The Value of Crab

For such a niche profession, Alaskan crab fisheries have a surprisingly strong cultural presence. Through shows such as Deadliest Catch (now on its 17th season), crab fishermen showcase the rewards of hard work. It’s the classic American tale. Work through sleepless nights in dangerous conditions, push yourself past to your limits and past them, and all that pain and sacrifice will be rewarded. You’ll get a huge paycheck, you’ll work your way up from a greenhorn to a captain, you might even be a celebrity.

From my hometown of Homer, Alaska – we used to have a gift shop dedicated to merch for a single Deadliest Catch ship. Also the best pizza in town next door.

But if you follow the crabs to shore, you run into a crowd of people whose hard work isn’t getting them TV deals, or even a decent wage. Upon returning to port, an army of workers descends on the ship to offload the crab, check each for quality, break them into chunks ready for sale, and place them into boxes for freezing and shipment. It’s backbreaking, monotonous, dangerous work. It’s also extraordinarily valuable – without the work of seafood processors, all that delicious crab and fish wouldn’t make it anywhere near your dinner table.

To get an idea for the difficulty of offloading crab, put two gallons of milk on the floor. Now put them on a shelf at head height. Repeat that around 500 times. Congratulations – with the help of a few friends, you could offload a small delivery from one ship! Of course, in real life, you’re cold and wet, standing in an uneven and swaying hold. The gallons of milk don’t have convenient handles – they’re covered in sharp spines and if you misplace a hand they might pinch you hard enough to cause nerve damage. And after you finish that delivery, you have another, and then another. Let’s be kind and say just another 9 hours.

Though their work requires strength, skill, and tenacity, crab processors get far less than they deserve. Over a 12-hour shift, they take home only $140. Most in the industry work seasonally, but even optimistically assuming year-round 40-hour work weeks, that’s only $24,000 per year. Now, they do get other benefits – generally, housing and food is covered during the season. But “housing” often means staying in crowded, rat-infested dorms with moldy mattresses and raw sewage. Those dirty, cramped conditions meant that processors were hot spots for COVID, with some outbreaks infecting over 75% of workers.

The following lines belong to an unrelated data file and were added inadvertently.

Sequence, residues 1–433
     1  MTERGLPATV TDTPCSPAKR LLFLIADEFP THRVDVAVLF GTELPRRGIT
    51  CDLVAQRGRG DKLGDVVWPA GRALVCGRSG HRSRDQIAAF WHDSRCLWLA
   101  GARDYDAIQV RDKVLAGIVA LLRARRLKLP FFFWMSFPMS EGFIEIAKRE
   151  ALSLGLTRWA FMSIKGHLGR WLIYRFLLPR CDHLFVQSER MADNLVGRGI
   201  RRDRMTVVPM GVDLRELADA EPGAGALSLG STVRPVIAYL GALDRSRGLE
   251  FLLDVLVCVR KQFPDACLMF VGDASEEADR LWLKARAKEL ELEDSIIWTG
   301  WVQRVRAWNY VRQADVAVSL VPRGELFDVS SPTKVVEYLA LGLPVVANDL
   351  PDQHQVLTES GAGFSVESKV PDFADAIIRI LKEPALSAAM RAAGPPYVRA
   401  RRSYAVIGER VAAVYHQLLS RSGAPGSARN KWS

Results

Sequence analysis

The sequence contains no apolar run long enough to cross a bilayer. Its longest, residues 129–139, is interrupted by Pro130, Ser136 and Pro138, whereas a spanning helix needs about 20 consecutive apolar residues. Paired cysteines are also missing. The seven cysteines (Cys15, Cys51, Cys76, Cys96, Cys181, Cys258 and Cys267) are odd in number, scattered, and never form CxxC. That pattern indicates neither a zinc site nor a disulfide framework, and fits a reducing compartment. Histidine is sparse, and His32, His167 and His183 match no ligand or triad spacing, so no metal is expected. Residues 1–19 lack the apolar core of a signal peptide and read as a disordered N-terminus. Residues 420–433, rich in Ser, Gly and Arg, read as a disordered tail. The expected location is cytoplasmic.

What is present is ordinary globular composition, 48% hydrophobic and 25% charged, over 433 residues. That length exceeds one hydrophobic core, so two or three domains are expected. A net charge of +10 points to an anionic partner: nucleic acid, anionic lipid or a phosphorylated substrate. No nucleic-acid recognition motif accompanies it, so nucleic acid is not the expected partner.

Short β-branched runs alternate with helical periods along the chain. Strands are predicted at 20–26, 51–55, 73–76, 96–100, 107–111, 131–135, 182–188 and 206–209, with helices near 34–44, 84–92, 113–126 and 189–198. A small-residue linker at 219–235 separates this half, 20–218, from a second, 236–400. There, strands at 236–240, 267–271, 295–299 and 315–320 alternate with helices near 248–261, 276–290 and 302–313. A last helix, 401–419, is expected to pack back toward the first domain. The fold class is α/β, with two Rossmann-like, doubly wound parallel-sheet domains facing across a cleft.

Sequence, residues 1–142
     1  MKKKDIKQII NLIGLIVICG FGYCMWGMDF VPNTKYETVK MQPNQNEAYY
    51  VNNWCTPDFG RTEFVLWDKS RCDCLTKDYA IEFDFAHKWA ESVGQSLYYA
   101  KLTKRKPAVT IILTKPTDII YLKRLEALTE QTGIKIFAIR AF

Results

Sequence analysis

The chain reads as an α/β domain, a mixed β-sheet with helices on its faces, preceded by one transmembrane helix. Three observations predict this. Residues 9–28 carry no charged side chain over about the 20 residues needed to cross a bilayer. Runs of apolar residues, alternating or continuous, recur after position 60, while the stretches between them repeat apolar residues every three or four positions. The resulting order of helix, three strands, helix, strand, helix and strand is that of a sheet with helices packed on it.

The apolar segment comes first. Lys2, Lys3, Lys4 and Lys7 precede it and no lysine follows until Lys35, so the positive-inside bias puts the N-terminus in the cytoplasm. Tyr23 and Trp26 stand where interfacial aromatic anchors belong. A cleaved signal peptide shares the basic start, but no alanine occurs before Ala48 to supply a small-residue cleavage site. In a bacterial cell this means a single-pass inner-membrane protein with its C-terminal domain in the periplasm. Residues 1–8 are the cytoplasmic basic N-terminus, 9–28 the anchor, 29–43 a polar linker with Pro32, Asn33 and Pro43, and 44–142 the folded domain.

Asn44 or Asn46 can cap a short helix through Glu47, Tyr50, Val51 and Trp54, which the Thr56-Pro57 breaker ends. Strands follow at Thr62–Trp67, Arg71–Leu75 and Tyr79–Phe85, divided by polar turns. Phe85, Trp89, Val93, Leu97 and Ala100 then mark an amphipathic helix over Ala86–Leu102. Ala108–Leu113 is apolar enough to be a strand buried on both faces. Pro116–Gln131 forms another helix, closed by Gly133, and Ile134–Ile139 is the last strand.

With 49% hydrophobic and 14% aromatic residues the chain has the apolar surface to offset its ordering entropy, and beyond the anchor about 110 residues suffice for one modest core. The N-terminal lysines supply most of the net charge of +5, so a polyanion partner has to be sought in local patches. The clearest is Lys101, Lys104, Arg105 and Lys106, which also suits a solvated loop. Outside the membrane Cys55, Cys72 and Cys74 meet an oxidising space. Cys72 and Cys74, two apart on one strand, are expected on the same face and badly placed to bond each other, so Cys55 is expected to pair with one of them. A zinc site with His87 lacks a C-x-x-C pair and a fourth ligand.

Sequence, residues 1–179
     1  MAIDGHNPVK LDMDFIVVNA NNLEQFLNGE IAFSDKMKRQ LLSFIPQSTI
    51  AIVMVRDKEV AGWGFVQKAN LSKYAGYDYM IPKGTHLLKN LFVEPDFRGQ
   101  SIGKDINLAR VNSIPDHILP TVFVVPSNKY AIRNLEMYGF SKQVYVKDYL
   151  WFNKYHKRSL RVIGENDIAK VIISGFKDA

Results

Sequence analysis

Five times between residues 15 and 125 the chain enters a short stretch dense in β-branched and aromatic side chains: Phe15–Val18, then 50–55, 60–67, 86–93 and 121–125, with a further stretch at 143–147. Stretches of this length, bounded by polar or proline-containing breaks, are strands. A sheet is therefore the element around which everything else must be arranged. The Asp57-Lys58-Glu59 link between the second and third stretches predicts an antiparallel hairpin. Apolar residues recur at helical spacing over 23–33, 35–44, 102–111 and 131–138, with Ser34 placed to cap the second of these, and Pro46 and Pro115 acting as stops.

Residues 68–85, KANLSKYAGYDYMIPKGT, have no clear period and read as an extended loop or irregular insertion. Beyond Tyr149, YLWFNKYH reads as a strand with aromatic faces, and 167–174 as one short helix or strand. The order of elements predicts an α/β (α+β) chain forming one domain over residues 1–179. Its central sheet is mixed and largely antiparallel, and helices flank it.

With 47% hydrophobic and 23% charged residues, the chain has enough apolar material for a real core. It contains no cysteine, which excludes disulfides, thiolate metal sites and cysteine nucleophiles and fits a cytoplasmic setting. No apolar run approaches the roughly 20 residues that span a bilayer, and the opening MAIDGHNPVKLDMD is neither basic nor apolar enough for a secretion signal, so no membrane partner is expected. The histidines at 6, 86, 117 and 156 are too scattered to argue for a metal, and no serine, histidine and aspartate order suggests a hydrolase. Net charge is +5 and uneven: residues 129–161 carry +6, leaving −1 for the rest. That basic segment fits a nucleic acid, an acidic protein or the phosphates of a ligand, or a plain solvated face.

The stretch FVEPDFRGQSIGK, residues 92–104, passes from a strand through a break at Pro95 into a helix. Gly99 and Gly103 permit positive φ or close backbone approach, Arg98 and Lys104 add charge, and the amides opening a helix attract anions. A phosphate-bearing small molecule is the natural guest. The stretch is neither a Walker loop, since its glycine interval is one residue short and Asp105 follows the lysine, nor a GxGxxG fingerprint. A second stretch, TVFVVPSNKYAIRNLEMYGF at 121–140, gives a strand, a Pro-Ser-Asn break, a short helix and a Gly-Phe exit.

AIG = Aleutian Island golden king crab, BBR = Bristol Bay red king crab, BSS = Bering Sea snow crab,
BST = Bering Sea Tanner crab. Note the difference in scale on the graphs on the right.
Images from this report

Low-paying, physically taxing jobs in unhygienic conditions aren’t desirable for many. But instead of simply offering higher wages, seafood processors typically fly in temporary foreign workers (often from countries that have been politically and economically devastated by US policy) who lack better options. Interestingly, the processing industry hasn’t exactly been subtle about bending the rules with visas. Until 2012, many seafood processors were actually foreign students, with their work legally designated as “cultural exchange”. This creates racial stratification that is particularly jarring to witness. On the floor of the plant, English takes a backseat to Spanish and Tagalog, but upstairs in the offices, nearly everyone is white.

Often, discussions of low pay are met with the refrain that workers should have chosen jobs that were “more valuable”. But what does that mean? Well, let’s look at it from the perspective of the owner. If they pay the average processor $11.85 per hour, then by definition, the processor must be producing more than $11.85 of value (even after accounting for expenses like operating costs). If it didn’t, the owner would have no reason to hire them! That extra value then goes to the owner as profit. And there is plenty of profit to be made – the owner of Trident Seafood, one of the larger processors operating in the Bering Sea, is worth around $1.1 billion. These fisheries are unbelievably lucrative. The problem is, the workers aren’t the ones getting it.

So, what is to be done? How do we fix this obvious injustice? Unfortunately, it isn’t simply a matter of pointing it out – most of this exploitation is entirely legal. And the illegal exploitation that exists (such as rampant wage theft) has no real mechanism for enforcement. Voting in politicians and changing the laws works in the abstract, but politicians are far more answerable to American billionaires than working-class non-citizens. I certainly don’t have all the answers, but when I look at pushes for better treatment of food production workers – both historical and current – I don’t see people asking politely for change. Instead, I see people uniting together and using the power they have as workers to force that change to happen.